Maternal Injuries Associated With Cesarean Birth
It is reported by the World Health Organization (WHO) that births via a Cesarean Section or C-section has reached a level of more than double the recommended rate. The WHO's recently-issued report also suggests that there is a direct correlation between the decline in health care quality once the rate of C-section births exceeds 15 percent. Once that threshold is reached, there is an increased risk of medical problems and birth injuries to both the mother and the newborn.
Although a C-section may be scheduled for non-emergency reasons, medical risks run higher as a C-section is not only a birth method, but also an invasive surgery as well. Normal procedures during a C-section involve an incision through the abdominal wall, underlying muscle, and the uterus.
The decision to give birth through this procedure may result in complications not only for the mother but for the newborn as well, and the decision to do so should be based on a comprehensive consideration of all applicable medical issues. Examples of complications that could arise, include:Adverse Reaction to Anesthesia
Anytime one undergoes surgery there is an increase in risk due to adverse reactions to anesthesia. During a C-section, a spinal block or combined epidural-spinal block are commonly used, and how a patient may react is based on individual tolerance.Risk of Surgical Injury
It is possible that, during a C-section, surgical injuries to other organs can occur. These types of injuries become more common if subsequent C-sections are performed.Infection and Inflammation of the Uterus Membrane
Known in the medical community as endometriosis, this condition often presents with fever, vaginal discharge, and uterine pain.Increased Episodes of Bleeding
Since surgery is involved, it is medically known that, during a C-section, more blood can be lost than during a vaginal birth. The risk of hemorrhaging also increases.Increased Risk of Blood Clots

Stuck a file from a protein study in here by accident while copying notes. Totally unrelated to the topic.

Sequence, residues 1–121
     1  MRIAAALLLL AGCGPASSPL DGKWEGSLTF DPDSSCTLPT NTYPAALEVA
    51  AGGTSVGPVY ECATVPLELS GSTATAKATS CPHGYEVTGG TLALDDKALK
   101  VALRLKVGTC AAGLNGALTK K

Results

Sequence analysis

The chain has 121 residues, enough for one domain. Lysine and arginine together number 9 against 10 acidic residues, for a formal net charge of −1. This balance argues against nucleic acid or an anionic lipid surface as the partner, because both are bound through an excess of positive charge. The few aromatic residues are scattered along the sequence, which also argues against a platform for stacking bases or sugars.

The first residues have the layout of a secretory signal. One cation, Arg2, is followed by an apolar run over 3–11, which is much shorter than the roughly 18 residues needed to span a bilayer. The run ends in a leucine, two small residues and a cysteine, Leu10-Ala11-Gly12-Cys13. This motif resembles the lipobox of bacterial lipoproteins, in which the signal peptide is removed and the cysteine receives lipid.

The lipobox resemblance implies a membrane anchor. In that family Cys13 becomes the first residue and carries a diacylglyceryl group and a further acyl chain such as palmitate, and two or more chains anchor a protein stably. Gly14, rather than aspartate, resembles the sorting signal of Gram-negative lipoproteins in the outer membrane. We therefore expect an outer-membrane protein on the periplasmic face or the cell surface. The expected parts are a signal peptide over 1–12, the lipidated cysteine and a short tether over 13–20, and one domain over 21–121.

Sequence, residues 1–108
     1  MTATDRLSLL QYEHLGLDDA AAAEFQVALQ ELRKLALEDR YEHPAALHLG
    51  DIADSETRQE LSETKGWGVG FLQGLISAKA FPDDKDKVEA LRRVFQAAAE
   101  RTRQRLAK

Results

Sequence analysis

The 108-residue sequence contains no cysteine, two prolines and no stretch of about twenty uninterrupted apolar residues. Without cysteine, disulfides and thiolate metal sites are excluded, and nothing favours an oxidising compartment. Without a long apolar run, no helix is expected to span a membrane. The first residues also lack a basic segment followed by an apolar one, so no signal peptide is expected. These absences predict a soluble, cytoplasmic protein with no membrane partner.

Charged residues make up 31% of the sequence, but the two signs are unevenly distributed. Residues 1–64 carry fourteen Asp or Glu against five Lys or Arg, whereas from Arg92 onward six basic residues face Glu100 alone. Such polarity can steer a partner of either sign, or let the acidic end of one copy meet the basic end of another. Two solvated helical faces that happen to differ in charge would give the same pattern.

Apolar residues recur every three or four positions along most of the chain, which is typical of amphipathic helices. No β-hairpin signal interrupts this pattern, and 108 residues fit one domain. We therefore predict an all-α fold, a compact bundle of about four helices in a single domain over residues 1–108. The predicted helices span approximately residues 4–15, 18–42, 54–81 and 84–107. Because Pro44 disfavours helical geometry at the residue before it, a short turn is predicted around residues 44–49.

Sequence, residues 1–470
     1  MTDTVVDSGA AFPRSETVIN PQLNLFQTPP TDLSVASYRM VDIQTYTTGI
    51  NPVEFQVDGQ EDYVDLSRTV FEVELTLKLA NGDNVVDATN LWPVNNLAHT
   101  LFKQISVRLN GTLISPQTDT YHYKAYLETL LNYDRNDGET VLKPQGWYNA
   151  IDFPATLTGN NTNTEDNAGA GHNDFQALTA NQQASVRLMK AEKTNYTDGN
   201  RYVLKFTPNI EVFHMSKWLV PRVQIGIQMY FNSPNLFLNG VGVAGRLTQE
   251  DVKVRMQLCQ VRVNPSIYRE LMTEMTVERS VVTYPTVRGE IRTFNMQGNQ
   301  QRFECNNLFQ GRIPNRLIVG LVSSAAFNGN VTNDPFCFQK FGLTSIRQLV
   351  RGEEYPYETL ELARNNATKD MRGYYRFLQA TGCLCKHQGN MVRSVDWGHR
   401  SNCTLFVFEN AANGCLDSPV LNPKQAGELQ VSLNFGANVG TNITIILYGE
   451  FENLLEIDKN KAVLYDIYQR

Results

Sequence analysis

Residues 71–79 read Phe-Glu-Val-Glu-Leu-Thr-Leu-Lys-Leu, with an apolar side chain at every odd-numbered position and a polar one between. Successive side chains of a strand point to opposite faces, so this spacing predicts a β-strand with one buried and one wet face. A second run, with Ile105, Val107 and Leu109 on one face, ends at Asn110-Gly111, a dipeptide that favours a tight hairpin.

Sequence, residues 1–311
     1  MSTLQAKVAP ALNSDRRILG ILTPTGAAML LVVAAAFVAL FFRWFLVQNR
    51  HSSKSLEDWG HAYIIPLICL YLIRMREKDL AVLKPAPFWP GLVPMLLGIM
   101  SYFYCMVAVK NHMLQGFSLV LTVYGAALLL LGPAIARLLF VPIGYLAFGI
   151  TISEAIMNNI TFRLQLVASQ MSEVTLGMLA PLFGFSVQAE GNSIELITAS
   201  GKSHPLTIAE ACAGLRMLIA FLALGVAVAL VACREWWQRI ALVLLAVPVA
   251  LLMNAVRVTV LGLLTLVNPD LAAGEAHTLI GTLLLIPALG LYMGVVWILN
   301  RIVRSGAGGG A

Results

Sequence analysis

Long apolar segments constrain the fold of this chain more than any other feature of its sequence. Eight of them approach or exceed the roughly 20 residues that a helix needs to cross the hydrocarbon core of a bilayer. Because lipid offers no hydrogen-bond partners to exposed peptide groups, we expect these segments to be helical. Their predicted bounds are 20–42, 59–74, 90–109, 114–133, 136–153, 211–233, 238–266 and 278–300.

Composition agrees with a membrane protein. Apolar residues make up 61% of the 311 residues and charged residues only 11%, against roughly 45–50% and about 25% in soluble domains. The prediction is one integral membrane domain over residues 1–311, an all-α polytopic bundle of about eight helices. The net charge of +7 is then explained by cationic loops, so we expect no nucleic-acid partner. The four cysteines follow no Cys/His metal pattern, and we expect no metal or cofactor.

The development of blood clots, especially in the legs or pelvic region, are of concern as the danger of a clot traveling to a mother’s lungs (pulmonary embolism) can be life-threatening.Higher Risk of Post-Operative Wound Infection
Infections are often more common following a C-section than compared to vaginal deliveries. The infection sites are commonly around the incision area and, even more dangerous, within the uterus.Risks During Future Pregnancies
Following a C-section, an mother often faces a higher risk of serious complications during subsequent pregnancies and deliveries. Problems involving the placenta may occur, as well as uterine ruptures along the scar line of a previous C-section.Possible Medical Malpractice Claim
If you have experienced ongoing or irreversible damage due to physician or medical staff error during a recent C-section birth, contact the skilled San Jose birth injury attorneys of Corsiglia, McMahon & Allard L.L.P. Our team understands that, while all medical institutions practice established safety procedures to minimize the risk of complications during a C-section, there are no guarantees, and complications still occur too frequently. Contact us today to learn more about your legal options.Sources